Government ‘needs to realise’ UK has poor air quality

European Commission environment spokesman says UK and other EU countries have an air quality problem that must be dealt with

The UK and other governments across Europe ‘need to realise’ that they have an air quality problem that must be dealt with, according to the European Commission’s environment spokesman.

Joe Hennon, spokesman for the environment Commissioner Janez Potocnik, said that although the “naturally occurring phenomenon” of Saharan dust blowing over had played a part in the high levels of pollution across Wales and the South of England this week (see story), much of it was due to domestic, man-made air pollution.

Met Office map forecasting high pollution levels in the UK and Northern France this week

Met Office map forecasting high pollution levels in the UK and Northern France this week

Speaking to today (April 4), Mr Hennon said: “First of all, this [Saharan dust] is a naturally occurring phenomenon that occurs now and then, but the fact remains that the UK and other countries do have an air quality problem.”

He added: “38 of 43 zones in the UK are in breach of limits for NO2 and in other parts of Europe there are at least 14 other countries in breach of limits for PM10. The UK and governments all across the EU need to realise that we have an air pollution problem and it needs to be dealt with.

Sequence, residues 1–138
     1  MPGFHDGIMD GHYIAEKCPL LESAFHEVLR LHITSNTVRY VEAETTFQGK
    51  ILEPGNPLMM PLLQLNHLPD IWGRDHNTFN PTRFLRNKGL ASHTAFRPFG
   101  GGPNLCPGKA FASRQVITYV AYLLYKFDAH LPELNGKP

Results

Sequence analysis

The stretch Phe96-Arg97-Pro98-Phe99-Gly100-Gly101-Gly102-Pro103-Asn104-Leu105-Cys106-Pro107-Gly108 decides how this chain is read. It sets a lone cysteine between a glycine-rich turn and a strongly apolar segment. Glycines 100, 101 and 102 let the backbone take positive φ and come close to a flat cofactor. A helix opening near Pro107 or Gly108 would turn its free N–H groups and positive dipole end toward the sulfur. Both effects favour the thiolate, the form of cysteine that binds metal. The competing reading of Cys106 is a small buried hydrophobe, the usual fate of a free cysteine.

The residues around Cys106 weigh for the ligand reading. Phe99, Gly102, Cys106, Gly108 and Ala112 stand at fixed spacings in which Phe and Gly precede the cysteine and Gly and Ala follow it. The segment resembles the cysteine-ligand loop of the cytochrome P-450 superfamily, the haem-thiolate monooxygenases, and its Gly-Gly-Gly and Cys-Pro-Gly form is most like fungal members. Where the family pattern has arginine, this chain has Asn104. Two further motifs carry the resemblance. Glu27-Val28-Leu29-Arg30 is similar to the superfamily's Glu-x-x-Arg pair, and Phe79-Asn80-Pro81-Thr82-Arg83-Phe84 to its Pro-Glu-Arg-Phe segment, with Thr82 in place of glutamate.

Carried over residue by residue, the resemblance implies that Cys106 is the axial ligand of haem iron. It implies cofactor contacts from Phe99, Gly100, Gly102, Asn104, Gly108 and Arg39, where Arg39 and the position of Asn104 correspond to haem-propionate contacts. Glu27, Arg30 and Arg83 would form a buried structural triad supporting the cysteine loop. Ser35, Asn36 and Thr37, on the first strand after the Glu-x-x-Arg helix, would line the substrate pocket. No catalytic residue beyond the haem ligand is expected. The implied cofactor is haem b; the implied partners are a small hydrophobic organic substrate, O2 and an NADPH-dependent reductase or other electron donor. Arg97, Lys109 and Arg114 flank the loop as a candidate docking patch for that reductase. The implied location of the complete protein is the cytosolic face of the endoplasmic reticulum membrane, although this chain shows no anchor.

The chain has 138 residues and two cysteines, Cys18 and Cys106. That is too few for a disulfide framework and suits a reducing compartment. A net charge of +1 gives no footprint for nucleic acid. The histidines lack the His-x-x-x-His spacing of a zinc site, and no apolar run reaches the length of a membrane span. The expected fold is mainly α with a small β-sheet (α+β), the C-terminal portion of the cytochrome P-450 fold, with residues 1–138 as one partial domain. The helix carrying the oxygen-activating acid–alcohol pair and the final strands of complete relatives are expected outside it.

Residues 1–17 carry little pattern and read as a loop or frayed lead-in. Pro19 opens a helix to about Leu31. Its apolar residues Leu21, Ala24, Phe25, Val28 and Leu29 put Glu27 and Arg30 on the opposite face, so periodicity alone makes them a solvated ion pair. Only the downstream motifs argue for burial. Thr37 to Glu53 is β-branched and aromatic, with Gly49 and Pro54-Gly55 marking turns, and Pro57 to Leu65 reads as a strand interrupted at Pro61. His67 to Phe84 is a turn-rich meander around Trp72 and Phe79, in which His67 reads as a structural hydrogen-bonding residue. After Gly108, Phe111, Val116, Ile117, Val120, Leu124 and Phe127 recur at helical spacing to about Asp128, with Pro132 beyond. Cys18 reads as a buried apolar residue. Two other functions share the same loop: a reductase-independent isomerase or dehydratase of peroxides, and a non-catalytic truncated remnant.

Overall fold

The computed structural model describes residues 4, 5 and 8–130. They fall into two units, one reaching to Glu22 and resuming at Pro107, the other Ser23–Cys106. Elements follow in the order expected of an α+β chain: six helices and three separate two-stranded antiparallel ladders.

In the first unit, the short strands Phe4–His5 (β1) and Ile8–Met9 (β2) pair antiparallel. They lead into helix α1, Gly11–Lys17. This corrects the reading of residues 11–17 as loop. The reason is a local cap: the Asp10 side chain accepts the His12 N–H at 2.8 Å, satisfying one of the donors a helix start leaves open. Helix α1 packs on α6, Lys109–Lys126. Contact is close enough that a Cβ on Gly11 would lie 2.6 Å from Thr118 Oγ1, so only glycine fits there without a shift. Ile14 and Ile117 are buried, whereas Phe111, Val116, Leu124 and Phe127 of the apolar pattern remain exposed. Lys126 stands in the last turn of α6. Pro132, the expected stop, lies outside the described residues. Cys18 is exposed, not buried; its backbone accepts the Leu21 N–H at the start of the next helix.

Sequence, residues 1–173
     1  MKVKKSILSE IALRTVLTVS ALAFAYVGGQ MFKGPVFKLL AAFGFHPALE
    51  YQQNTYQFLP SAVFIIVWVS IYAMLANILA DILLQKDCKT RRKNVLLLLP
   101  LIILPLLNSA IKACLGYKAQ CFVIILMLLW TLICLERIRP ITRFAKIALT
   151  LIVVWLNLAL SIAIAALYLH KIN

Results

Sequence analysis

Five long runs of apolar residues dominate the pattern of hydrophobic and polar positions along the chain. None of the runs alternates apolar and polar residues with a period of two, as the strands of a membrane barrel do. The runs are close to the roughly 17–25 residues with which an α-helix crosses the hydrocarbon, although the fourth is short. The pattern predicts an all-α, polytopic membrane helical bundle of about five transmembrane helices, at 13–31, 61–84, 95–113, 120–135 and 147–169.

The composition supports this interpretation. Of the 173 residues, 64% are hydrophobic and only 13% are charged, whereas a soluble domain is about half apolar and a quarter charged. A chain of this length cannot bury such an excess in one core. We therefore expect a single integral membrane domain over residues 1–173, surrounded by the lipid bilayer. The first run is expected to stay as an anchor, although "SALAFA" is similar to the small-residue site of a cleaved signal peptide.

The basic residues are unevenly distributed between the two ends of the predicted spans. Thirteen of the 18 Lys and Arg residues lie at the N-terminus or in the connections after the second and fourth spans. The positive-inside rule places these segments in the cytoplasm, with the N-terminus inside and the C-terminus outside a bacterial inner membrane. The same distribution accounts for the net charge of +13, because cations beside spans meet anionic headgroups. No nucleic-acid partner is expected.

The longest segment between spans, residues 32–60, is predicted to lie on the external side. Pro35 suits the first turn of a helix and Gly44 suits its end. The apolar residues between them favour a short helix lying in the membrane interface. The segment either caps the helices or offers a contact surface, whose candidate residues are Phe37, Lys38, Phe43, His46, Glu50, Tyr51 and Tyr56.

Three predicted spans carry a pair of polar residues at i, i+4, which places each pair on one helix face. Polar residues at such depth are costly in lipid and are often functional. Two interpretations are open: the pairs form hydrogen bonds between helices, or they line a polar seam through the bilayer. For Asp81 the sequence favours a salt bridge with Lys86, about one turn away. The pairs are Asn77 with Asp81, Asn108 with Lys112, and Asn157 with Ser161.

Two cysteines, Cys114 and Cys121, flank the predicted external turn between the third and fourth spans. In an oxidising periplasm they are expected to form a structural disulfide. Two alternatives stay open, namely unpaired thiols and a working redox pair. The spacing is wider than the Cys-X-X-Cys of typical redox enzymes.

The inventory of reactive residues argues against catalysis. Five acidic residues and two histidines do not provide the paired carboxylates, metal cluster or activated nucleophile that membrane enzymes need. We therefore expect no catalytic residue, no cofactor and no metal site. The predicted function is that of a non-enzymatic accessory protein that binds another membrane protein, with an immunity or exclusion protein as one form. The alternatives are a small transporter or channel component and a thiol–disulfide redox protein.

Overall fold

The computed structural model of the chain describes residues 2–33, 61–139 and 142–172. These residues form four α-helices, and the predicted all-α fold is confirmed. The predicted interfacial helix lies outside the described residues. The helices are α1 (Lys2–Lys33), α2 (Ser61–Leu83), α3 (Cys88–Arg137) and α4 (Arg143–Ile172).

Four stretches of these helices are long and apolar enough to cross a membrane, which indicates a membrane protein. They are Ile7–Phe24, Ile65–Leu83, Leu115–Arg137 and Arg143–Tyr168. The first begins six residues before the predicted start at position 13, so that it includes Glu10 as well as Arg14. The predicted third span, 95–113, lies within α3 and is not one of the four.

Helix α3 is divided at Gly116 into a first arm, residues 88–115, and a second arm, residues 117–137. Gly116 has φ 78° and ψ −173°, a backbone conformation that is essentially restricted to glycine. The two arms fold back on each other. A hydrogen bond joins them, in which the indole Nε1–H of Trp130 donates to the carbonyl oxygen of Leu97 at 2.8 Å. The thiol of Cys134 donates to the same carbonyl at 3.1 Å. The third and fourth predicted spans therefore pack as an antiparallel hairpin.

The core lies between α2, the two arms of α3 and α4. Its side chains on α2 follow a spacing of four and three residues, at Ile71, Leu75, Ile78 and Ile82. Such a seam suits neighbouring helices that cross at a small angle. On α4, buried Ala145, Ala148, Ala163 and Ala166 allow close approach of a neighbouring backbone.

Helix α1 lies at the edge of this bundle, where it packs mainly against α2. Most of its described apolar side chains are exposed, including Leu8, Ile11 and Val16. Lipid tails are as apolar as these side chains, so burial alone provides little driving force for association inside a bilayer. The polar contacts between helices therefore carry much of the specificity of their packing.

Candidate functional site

“We dealt with coal pollution and acid rain in the 70s and 80s, but politicians seem to have taken their eyes off the ball on this issue.”

WHO estimates

Last week the World Health Organisation (WHO) published estimates that around seven million people worldwide died prematurely as a result of exposure to air pollution in 2012, calling air pollution the world’s ‘single biggest environmental health risk’.

Commenting on the WHO estimates, Mr Hennon said: “The more research they do into it the more dangerous it seems to be.”

And, asked whether UK politicians such as Prime Minister David Cameron and London Mayor Boris Johnson — who appeared to play down the pollution risks this week (see story) — were sufficiently aware of the scale of the problem, Mr Hennon said: “I would just see say that if they are not aware, they ought to be — the UK is facing European court action for breaching limits for NO2.”

Mr Hennon added: “Everybody should be aware that this is a permanent air pollution problem, it is just that on this occasion you can see the dust.

“Air pollution is also something that you can clearly measure — it is not like other environmental problems such as climate change. It is there or it is not there and you can measure it, so we know these EU countries have an air pollution problem.”

Responding the high levels of air pollution this week — which in some areas reached the top of the Met Office’s air pollution scale — Defra said it was “investing heavily in local and transport initiatives to tackle this issue head on” (see story).


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